One of the things I’ve thought a lot about recently is what happens with your finances when you marry for a second (or third) time. Deciding whether to combine finances in a first marriage – and how you will do it – can be complicated enough. Money during a divorce can be a complex subject as well. But what happens if you get married again? You need to have the conversation about whether and how to combine finances all over again.

New Factors to Consider

Things can be a lot more complicated when you embark on a second marriage in many cases. There are often kids involved and other financial encumbrances to worry about. If there are spousal support or child support payments in the mix, it could change the way you manage your money even more.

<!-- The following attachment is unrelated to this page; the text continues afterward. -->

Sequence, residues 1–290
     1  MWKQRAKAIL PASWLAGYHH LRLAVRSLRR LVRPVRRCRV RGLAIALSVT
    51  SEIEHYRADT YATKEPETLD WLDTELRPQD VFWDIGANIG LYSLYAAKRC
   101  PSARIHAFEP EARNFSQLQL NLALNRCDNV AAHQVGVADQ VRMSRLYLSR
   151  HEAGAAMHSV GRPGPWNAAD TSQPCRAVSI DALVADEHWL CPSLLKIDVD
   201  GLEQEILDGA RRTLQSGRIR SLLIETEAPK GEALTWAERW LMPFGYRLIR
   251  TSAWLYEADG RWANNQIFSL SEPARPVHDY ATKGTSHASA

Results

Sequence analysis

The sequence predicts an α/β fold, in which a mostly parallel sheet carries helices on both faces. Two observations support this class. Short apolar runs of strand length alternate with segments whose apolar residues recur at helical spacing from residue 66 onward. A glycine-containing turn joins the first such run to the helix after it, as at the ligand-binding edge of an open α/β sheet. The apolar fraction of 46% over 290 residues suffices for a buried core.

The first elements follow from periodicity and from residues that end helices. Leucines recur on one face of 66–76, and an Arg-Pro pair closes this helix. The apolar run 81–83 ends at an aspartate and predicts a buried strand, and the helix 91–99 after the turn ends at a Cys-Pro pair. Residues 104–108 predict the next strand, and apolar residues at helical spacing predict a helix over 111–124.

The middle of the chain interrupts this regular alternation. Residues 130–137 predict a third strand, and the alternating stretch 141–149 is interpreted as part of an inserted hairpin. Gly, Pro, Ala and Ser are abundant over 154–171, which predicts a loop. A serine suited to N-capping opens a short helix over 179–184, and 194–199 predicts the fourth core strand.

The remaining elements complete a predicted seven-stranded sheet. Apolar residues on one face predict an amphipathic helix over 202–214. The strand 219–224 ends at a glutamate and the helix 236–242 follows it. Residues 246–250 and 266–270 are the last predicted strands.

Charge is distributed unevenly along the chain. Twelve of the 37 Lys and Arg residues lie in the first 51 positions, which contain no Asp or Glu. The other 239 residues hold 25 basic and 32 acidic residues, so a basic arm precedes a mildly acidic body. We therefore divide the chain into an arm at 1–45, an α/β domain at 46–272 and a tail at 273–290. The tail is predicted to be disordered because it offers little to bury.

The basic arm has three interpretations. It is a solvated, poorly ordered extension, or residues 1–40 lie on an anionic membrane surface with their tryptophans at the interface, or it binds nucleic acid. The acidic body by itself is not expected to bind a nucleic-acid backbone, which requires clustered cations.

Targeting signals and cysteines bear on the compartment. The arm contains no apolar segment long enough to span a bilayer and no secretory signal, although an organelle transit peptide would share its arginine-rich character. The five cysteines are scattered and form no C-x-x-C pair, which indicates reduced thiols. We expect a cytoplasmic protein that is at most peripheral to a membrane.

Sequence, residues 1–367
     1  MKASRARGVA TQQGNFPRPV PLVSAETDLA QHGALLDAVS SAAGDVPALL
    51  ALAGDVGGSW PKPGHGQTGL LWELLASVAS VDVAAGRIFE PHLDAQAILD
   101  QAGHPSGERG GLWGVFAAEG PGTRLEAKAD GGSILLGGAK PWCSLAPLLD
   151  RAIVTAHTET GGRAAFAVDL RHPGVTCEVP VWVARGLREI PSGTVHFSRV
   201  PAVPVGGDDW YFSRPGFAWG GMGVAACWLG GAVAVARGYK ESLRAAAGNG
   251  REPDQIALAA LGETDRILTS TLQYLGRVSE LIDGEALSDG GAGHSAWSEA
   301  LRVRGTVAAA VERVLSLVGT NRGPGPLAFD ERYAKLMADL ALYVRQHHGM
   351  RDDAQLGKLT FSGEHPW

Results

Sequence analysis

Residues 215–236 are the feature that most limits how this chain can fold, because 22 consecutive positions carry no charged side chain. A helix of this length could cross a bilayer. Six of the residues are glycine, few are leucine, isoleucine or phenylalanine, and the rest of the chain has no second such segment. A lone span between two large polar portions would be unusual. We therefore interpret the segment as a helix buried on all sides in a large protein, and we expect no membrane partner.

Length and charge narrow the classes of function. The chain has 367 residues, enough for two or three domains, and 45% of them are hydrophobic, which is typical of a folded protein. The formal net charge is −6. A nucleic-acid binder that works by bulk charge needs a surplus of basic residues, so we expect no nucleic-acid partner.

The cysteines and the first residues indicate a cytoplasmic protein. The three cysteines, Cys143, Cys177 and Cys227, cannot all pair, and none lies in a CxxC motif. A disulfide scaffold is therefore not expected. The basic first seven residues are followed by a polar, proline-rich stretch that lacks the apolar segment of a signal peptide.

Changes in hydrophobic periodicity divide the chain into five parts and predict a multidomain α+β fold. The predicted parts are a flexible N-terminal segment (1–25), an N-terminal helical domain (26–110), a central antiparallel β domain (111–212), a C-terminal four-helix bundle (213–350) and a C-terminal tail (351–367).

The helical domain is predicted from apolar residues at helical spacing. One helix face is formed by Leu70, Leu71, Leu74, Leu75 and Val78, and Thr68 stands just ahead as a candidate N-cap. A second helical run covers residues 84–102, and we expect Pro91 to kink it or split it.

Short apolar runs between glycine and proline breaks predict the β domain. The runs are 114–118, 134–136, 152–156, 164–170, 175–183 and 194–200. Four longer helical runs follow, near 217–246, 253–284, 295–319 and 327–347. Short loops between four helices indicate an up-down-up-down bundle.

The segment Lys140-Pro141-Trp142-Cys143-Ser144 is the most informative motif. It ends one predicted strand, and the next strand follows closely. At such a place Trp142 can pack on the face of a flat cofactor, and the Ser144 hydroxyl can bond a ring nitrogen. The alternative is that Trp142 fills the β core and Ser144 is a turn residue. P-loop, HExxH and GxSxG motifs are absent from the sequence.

That’s not all. You need to figure out how much you will pay for gifts and how often they will be sent. If your new partner has a different idea of how to manage money or how much help to give to children and possibly parents, you will need to work that out before combining finances.

Don’t forget that you also need to consider the beneficiaries of your various accounts. Will you change life insurance, retirement accounts, and other items to reflect the new partner? Or does it make more sense to list your children as the beneficiaries? While I’m not planning on remarrying anytime soon (or even ever, perhaps), I’ve still thought about this quite a bit and I’m inclined to just keep my son as the beneficiary of my accounts, no matter what happens.

Combine Household…

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